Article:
29 Gerald Corey Sos

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Article 29

Designing an Integrative Approach to Counseling PracticeGerald Corey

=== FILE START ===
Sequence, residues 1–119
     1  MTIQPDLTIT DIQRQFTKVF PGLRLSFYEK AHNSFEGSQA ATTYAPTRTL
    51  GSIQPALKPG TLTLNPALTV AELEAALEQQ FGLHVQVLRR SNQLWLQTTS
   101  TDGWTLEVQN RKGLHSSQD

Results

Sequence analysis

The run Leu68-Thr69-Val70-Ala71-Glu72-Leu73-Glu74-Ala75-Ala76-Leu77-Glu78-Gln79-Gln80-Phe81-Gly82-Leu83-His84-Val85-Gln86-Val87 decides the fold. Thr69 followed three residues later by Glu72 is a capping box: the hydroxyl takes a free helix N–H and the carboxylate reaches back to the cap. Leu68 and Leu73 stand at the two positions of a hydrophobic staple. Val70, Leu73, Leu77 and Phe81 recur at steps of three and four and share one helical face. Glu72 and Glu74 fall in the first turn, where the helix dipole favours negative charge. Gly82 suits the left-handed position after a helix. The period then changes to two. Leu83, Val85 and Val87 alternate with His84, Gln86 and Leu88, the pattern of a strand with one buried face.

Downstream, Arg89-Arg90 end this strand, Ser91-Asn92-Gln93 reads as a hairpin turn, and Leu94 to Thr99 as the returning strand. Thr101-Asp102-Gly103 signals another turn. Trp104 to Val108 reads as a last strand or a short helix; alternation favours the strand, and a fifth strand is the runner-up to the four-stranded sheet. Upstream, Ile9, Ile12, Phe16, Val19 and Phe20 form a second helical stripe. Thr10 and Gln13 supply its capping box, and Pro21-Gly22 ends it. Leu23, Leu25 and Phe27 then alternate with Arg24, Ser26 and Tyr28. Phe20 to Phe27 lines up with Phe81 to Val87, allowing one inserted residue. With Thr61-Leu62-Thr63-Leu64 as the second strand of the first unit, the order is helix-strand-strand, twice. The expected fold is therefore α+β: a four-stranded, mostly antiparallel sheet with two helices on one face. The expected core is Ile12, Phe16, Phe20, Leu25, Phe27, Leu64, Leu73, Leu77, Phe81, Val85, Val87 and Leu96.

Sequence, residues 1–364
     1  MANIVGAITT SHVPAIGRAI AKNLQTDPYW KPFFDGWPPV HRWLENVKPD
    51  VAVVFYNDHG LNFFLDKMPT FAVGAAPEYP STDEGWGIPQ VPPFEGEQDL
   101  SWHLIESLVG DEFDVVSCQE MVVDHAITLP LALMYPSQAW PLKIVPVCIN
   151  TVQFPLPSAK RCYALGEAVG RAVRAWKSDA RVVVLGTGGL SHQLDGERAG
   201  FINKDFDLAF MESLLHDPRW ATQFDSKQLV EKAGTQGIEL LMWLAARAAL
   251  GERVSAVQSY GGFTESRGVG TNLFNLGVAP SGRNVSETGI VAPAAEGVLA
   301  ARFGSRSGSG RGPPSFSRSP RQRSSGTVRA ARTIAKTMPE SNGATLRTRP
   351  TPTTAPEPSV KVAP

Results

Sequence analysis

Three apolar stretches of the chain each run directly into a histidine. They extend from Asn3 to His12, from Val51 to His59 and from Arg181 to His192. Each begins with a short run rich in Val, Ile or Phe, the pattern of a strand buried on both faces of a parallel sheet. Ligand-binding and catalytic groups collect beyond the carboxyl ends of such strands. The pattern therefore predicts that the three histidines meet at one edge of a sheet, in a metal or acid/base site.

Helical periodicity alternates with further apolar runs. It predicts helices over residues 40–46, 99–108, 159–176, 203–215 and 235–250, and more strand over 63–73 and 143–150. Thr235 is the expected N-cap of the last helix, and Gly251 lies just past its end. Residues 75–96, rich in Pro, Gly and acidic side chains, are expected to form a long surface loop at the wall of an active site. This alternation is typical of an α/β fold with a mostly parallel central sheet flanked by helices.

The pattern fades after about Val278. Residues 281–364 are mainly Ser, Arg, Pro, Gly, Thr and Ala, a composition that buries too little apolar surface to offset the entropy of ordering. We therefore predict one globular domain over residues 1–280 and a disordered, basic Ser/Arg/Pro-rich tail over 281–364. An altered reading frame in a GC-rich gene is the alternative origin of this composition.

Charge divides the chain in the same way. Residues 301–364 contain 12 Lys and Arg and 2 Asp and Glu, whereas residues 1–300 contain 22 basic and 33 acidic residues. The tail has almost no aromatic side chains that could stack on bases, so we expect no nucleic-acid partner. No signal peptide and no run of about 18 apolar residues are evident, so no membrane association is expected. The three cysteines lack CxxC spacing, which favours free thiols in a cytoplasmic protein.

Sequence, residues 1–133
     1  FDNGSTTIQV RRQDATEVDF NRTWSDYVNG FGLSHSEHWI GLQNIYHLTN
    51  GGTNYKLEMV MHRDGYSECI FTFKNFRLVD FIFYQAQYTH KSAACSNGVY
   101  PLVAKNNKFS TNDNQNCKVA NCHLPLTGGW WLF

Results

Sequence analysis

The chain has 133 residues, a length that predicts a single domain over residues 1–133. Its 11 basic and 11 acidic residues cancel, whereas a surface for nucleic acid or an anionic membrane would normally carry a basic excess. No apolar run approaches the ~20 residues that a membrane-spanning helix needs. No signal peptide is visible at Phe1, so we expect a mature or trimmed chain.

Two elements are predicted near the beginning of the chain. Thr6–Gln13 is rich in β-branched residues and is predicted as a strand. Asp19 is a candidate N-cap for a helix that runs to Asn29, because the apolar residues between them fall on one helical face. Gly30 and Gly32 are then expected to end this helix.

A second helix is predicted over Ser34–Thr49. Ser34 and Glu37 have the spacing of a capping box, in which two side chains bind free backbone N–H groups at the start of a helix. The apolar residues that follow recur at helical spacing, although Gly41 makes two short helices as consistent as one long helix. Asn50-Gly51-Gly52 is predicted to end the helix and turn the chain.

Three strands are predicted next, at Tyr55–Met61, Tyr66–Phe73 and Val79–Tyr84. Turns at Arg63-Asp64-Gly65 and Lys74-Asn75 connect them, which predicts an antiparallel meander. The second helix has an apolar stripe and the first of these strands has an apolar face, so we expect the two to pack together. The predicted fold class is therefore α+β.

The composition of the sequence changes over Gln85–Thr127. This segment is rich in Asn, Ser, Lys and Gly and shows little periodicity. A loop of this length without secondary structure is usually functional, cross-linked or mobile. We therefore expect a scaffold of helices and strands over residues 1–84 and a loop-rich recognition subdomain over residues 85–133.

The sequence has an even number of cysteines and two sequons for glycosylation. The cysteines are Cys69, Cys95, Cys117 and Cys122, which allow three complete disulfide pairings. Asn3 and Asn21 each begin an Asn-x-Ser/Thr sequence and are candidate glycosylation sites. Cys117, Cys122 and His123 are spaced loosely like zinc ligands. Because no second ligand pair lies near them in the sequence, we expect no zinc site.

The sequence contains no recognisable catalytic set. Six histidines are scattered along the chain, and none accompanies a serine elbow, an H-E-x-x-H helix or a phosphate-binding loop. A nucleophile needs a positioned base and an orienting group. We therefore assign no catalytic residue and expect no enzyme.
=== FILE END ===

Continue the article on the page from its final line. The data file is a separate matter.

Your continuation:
This article addresses the advantages of developing an integrative approach to counseling practice and deals briefly with some of the potential problems. Also presented is a framework for helping readers begin to integrate concepts and techniques from various approaches. This article is based on Gerald Coreys (2001a) book, The Art of Integrative Counseling. Introduction An integrative approach to counseling and psychotherapy is best characterized by attempts to look beyond and across the confines of single-school approaches in order to see what can be learned from, and how clients can benefit from, other perspectives (Arkowitz, 1997). Integrative counseling is the process of selecting concepts and methods from a variety of systems. The integrative approach can ideally be a creative synthesis of the unique contributions of diverse theoretical orientations, dynamically integrating concepts and techniques that fit the uniqueness of a practitioners personality and style. Since the early 1980s, psychotherapy has been characterized by a rapidly developing movement toward integration. This movement is based on combining the best of differing orientations so that more complete theoretical models can be articulated and more efficient treatments developed (Goldfried & Castonguay, 1992). The Society